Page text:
It's like sending a child off to college," says Andy Crouch, wringing his hands and giving a nervous laugh. "You just hope you've done everything right." Andy, who is too young to know what sending a child off to college is really like, is nevertheless the proud papa of a brand new book. And after the final manuscript revisions and the printing and binding, the book is on its own. Its creator can no longer shape it. It is what it is.
Andy's offspring is christened Culture Making: Recovering Our Creative Calling. And it has the potential to be not just another book. Since 1951, the Christian discussion of culture has been uncomfortably squeezed into five boxes created by H. Richard Niebuhr's magisterial Christ and Culture. Generations of pastors and scholars have analyzed their church traditions using Niebuhr's categories: Is my denomination an example of "Christ against culture"? What should it be? "Christ and culture in paradox"? As someone who found the Niebuhrian categories a frustrating dead end, I was delighted to find that Andy managed to write about culture from a Christian perspective for about 200 pages before turning briefly to Niebuhr. Culture Making subverts and reorients the whole discussion.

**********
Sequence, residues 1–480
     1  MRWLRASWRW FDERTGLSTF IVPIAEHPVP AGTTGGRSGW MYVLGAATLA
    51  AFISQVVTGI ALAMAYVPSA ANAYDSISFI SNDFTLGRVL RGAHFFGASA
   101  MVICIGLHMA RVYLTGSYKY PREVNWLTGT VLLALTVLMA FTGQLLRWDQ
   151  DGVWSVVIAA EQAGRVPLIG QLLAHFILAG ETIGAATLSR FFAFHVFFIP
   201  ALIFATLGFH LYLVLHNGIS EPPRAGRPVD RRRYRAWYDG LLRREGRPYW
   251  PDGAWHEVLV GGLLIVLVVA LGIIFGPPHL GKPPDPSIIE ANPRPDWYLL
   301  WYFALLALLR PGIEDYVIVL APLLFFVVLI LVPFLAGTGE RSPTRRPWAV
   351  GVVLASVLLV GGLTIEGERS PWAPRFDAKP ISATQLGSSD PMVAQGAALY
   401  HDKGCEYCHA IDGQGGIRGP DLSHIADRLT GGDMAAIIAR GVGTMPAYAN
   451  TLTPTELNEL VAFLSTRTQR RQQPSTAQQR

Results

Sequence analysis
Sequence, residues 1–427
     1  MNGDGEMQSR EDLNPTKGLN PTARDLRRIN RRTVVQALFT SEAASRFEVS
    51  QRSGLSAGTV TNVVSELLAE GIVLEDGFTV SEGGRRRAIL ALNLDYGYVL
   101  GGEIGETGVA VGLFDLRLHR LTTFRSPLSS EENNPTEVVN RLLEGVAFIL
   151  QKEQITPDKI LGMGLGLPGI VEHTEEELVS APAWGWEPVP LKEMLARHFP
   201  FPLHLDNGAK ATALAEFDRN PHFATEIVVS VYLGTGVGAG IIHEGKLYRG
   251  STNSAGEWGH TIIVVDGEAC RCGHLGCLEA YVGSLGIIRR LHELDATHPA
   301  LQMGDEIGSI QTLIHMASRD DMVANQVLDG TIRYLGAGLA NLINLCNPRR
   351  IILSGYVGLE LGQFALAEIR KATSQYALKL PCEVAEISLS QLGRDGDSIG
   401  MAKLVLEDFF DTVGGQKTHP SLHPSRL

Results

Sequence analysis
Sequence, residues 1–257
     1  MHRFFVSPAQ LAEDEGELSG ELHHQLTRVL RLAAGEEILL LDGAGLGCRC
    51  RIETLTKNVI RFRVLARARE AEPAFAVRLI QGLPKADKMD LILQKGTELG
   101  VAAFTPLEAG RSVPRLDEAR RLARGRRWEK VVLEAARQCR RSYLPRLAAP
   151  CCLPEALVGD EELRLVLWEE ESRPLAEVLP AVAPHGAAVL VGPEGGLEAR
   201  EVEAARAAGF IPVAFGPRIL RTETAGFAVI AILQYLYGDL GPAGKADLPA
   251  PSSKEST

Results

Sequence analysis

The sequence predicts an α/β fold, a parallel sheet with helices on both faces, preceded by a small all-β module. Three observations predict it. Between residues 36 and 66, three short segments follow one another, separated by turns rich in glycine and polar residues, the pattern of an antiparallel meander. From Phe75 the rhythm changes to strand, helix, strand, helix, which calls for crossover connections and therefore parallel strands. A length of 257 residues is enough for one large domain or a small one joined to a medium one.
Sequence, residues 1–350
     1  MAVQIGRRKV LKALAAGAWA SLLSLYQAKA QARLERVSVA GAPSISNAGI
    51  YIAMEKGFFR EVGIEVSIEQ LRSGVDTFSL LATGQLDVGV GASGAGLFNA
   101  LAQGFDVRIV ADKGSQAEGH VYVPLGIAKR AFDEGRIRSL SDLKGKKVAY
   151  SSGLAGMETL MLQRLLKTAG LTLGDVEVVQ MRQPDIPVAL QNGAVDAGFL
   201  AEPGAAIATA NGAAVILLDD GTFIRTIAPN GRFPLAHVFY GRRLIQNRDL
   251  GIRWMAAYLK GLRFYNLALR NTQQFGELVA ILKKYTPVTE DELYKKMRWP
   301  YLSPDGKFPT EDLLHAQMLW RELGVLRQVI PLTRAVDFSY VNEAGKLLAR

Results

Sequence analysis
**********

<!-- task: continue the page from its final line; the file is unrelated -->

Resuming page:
"I wanted to undo two things," Andy told me. "I wanted to cure us of talking about Culture with a capital C or 'the Culture,' to move away from such abstractions, and focus instead on concrete cultural goods. I also wanted to put the task of transformation back on God's side of the ledger. Sure, Niebuhr talked about Christ transforming culture, but that very quickly translated into Christians transforming culture. That's the wrong ambition."
To understand what Andy believes to be the right ambition, be sure to read the excerpt ...1
Already a CT subscriber? Log in for full digital access.
Have something to add about this? See something we missed? Share your feedback here.
Subscribe to Christianity Today and get access to this article plus 65+ years of archives.
- Home delivery of CT magazine
- Complete access to articles on ChristianityToday.com
- Over 120 years of magazine archives plus full access to all of CT’s online archives
- Learn more